Commuters on the N, R, and D lines found themselves plunged into subway hell this morning when the MTA quietly introduced surprise service changes on the Monday morning rush hour.

Turns out, Monday was the first day of planned maintenance that will continue for roughly the next year, during which Bay Ridge and Sunset Park N trains will run local between 36th and 59th Streets in Brooklyn. Tacking two stops onto a subway trip is not an unbearable inconvenience in and of itself, but the MTA failed to warn anyone about the construction in advance, and signal problems made the situation far worse.

Some subway riders experienced delays of over an hour, even as the agency's website advertised "good service" and its Twitter account claimed "no reported incidents along the line" around 8 a.m.

City Councilmember Justin Brannan, whose represents Bay Ridge, languished on the R train along with many of his constituents. After contacting the MTA, he confirmed that there will be "long-term structural repair work that will cause the N to run local between 59th and 36th stopping at 45th and 53rd. The issue this morning was that the signals were not properly configured for this change. The MTA swore that the hot mess we experienced this morning will not happen again even though the service change on the N will remain in effect. It just sounds like the MTA wasn’t ready for prime-time this morning."

Brannan also faulted the agency for not informing commuters in advance:

Frustrated Bay Ridge resident Monica Parks reports that she boarded her hell train—a northbound N that should've been running express—at the 8th Avenue stop in Brooklyn at 7:50 a.m. Typically, her trip to work in Harlem takes an hour and 15 minutes; today, it took over two hours. She says she and her fellow passengers proceeded to sit for 20 minutes in between stations, with the train progressing at a snail's pace to 59th Street and then 53rd.

This unscheduled stops surprised Parks, who had seen none of the customary signs advertising a substantial service change. With the train stalled, Parks says the conductor blamed "train traffic." During the hour it took her train to crawl toward the Manhattan Bridge, Parks said some riders got so tired of standing they simply sat on the floor.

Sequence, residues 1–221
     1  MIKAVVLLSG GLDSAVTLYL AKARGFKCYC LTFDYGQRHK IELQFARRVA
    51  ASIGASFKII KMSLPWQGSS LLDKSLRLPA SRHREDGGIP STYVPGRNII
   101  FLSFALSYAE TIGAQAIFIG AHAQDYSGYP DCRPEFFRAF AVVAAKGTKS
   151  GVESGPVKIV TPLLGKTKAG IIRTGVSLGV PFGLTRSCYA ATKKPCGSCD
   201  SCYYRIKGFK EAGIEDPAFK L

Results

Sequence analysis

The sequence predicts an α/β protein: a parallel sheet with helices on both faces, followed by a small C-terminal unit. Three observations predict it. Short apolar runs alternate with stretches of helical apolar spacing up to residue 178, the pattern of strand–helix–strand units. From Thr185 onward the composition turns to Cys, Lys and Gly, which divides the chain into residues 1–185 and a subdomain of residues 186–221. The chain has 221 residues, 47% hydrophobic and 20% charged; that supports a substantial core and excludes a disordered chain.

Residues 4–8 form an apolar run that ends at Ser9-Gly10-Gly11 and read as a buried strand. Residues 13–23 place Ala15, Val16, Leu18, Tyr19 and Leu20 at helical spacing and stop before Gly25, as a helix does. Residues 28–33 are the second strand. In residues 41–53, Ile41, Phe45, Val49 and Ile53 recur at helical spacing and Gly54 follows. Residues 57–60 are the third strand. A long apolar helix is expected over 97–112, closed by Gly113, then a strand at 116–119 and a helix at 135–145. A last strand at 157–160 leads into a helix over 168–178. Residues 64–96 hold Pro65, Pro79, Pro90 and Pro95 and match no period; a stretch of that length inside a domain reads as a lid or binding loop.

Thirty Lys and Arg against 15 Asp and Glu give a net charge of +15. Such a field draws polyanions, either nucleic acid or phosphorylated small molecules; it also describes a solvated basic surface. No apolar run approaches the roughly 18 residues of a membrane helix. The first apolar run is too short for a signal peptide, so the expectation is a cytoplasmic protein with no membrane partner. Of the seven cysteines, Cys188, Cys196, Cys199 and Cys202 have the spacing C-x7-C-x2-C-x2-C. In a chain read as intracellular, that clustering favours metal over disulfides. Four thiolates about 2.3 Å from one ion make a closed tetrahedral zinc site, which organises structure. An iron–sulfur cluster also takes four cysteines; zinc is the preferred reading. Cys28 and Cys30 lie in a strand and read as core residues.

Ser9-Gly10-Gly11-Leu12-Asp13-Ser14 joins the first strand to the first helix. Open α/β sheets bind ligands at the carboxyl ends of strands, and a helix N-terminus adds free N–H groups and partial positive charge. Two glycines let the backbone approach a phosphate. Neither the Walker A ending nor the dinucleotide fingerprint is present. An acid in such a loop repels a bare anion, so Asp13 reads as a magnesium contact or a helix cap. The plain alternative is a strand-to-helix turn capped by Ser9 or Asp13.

Straphangers tweeted at the MTA for answers, but even though one furnished photographic evidence of a blue wall blocking off the track ahead, those answers were not forthcoming. Parks reports that she only "got the full story" when the MTA tweeted an explanation at 10:30 a.m.

In a statement, NYC Transit Chief Customer Officer Sarah Meyer said, "Today was the first weekday of a long-term structural rehabilitation project in Sunset Park, due to be complete in July 2019. We had issues and challenges coordinating internally and the planned change was not properly communicated to our customers."

According to Meyer, the shitshow was compounded by an "error" that kept the D from running express at 36th Street, and left the N, R, and D wildly congested. In the future, riders should plan on local N trains between 36th and 59th Streets. Regular express service resumes on the N and D north of 36th Street, and the MTA's sites have been updated.

"The significant delays our customers experienced this morning in the project area will not happen again," Meyer vowed, "and we estimate that the planned work will only add up to five minutes of additional travel time during the weekday rush hour periods going forward."

"We deeply apologize for our significant errors today and know that we need to do better. We are working through our policies and procedures to ensure this does not happen again."

It's just about time for the evening rush, so we'll soon see if the MTA can keep its promises.